Templates for Cloth Dolls - PDF by neu12527


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									                                                                    Soft Sculpture Cloth Figure Artist
                                                                            Madeleine Sara Maddocks
Template Making

This is a tedious yet necessary part of the dollmaking process:
There are a number of ways of creating templates to make the job of cutting and sewing your doll
pieces easier. The pattern template that you start with may go through several changes as you
copy/trace, cut around, transfer and sew the image onto your fabric. Because you want your
template and final sewn pieces to be as accurate as possible, the method you use to transfer the
shapes is therefore important.

Depending on your personal preference, you will need:

fine mechanical pencils
non-permanent fabric markers
soft erasers
fabric eraser
photocopying facilities
freezer paper & iron at dry setting
layout paper
tracing paper
thin card
cutting mat
sharp craft knife

Freezer Paper Method (Freezer paper available here in 1 metre lengths).
This is by far my preferred method of pattern transfer. You will need to apply the same principles to
this method as for the card and paper methods (see below).
The difference is that you can trace your pattern directly onto the dull side of the freezer paper and
iron it directly onto your fabric without the use of pins or fabric marker pens.

   •   Freezer paper has a dull side and a shiny side.
   •   It is transparent enough to trace your pattern templates through onto the dull side.
   •   You can then cut out the freezer paper shapes and iron them, shiny side down, onto your
       fabric using a warm/hot, dry iron.
   •   You may then cut out the fabric shapes aroubnd these templates and peel off the paper for
       re-use or sew around the shapes with an open appliqué foot, using the template as a guide
       or you can use them as a guide-line to draw around with a fabric marker, peel them off and
       sew around your drawn line.
   •   Freezer paper helps to keep the material stable as you cut and sew, reducing distortion.
   •   It also reduces the amount of pinning of fabric pieces to be cut out and it helps to eliminate
       inaccuracies which result from the many stages of transferring the pattern template from
                                                                     Soft Sculpture Cloth Figure Artist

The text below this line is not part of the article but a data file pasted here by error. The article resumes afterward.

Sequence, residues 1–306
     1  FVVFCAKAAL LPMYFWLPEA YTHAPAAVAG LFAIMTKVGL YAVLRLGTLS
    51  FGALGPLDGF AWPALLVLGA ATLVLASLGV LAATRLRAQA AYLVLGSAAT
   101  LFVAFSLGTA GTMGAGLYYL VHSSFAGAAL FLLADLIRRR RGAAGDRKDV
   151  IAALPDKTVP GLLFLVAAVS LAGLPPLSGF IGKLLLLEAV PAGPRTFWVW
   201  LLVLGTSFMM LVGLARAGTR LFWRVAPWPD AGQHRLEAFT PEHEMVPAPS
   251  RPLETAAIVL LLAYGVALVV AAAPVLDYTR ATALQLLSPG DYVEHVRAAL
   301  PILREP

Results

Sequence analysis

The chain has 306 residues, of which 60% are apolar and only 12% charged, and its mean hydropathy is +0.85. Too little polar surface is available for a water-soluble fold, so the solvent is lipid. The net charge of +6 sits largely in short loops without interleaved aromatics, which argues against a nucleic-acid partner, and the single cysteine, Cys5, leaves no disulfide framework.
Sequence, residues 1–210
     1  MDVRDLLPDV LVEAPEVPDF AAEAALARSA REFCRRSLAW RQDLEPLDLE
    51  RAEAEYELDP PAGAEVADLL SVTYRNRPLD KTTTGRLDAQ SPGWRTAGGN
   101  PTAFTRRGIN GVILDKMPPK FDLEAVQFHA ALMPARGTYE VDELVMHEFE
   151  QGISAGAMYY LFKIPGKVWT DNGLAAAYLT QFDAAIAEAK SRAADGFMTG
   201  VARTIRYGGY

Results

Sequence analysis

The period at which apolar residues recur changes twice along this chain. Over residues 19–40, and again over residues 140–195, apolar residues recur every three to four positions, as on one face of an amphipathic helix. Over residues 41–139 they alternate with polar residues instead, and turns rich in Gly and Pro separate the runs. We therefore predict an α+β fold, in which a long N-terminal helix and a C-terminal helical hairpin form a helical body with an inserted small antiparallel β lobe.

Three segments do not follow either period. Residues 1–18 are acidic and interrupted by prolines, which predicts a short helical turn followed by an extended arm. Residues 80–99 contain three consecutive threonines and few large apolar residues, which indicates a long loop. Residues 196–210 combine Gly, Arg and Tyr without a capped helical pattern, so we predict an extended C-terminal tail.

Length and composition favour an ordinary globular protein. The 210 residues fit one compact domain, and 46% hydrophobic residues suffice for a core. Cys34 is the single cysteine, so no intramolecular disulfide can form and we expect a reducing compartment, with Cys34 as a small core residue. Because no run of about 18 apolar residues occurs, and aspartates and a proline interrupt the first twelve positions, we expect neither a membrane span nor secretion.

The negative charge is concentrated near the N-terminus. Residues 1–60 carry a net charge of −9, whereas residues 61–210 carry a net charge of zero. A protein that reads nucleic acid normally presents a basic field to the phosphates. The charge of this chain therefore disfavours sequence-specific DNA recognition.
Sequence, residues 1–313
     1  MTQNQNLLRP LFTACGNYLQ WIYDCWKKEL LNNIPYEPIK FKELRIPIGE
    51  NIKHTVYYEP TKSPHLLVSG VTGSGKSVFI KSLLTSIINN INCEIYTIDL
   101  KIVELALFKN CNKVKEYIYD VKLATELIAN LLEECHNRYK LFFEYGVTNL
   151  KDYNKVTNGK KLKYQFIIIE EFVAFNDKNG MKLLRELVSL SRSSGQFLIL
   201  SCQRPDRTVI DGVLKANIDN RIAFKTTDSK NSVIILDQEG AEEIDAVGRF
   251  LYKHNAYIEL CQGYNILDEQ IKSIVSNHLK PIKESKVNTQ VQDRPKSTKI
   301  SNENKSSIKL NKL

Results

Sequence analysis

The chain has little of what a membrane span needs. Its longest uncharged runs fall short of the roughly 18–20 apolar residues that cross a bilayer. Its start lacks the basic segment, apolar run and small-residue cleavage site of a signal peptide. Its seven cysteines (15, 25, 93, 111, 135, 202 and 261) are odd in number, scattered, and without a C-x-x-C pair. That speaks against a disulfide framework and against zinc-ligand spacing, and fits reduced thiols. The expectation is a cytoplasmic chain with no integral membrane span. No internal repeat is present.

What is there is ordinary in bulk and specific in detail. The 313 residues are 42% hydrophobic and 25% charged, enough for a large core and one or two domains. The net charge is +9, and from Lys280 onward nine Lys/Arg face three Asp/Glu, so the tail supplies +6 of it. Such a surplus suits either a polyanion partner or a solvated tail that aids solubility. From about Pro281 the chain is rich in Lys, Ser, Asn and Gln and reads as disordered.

Madeleine Sara Maddocks
       paper to card to fabric or the problem of trying to cut around ordinary ‘floppy’ paper
   •   There will be no stickiness on the fabric once you peel away the freezer paper.

Sewing the Pattern Pieces using the Freezer Template Method:

With small or tricky pattern pieces it is usual to sew around the template first before cutting out the
shapes, sometimes leaving a gap for turning and stuffing and sometimes cutting a slit in an area of
the pattern piece for turning and stuffing. This slit will be hidden by another piece when the doll is
sewn together. (See pattern basics.)

Remember, it is the sewing line that determines the finished size and shape of your doll.

CLICK HERE to BUY freezer paper

Card and Paper Method
This is the more traditional method for transferring your templates onto fabric.
NB: If you draw directly onto the WS of the fabric around the template sewing line with a pencil, the
stitches will look grey and dirty when you turn the sewn piece RSO.

   •   Either trace the pattern pieces onto layout paper or tracing paper, cut out carefully, taking
       care to cut away the bold pencil lines (that would otherwise slightly alter the size of your
       pattern depending on the thickness of your pen/pencil) and glue these onto thin cardboard.
       1b.Or photocopy the pattern templates and glue onto thin card.
   •   You can then cut these out and use them to draw around to apply the shapes directly onto
       the wrong side of your chosen fabric. Use a pencil, chalk or dissolvable fabric marker pen.

Remember that the thickness of the pen/pencil you use for your templates will affect the size and
accuracy of your pattern pieces. If the line is thick, the pieces will be cut less evenly.
                                                                        Soft Sculpture Cloth Figure Artist
                                                                                Madeleine Sara Maddocks
Using finer tipped pens results in a cleaner, crisper and more accurate line with better detail for your
pattern shapes.

As you draw around the cardboard shapes, certain areas of the pattern will inevitably be distorted or less

You must go back over these lines and correct the problem areas before cutting out / sewing around the

 *Pinning paper onto the fabric and cutting out the pieces makes for a sloppy, floppy edge
                      along which to cut and is not recommended*

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